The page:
Economics of ecosystem services and biodiversity, climate change and sustainable land management
Natural capital – our ecosystems, biodiversity, and natural resources – underpins economies, societies and individual well-being. However, the values of ecosystem services and underlying biodiversity are all too often overlooked or poorly understood. Rarely are they reflected in price signals in markets, and taken into account in day to day decisions by business and citizens. Nor are they reflected adequately in the economic accounts of society.
Decision-makers with better access to information on ecosystem service values and on economic policy tools will be better placed to make efficient, cost-effective and fair choices and to justify their reasons for taking action, or for choosing between policy options.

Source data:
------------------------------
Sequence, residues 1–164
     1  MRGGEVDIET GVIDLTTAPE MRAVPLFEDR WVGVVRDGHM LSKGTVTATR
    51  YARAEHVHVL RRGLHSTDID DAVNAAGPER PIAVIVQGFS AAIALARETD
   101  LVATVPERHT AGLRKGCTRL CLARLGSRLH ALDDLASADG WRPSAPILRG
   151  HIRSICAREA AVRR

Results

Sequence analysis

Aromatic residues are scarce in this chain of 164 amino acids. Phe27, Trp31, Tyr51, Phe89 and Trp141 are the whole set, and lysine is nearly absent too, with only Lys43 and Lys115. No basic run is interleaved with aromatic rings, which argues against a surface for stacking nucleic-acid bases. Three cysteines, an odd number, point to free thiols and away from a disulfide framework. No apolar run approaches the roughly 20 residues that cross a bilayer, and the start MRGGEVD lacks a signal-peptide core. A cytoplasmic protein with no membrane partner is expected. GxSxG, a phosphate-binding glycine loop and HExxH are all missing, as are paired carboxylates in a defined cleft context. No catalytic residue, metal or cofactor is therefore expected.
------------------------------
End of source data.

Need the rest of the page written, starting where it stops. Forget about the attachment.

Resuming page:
For example, biodiversity loss and land degradation is undermining food security. The collapse in fisheries and other food harvested from the wild is a major problem in this regard. The loss of diversity of the wild races of domesticated plants and animals as a result of habitat loss or of ancient domesticated varieties as farmers adopt fewer modern hybrids in their farming systems is similarly a serious concern.
Cancun December 2010
Nagoya October 2010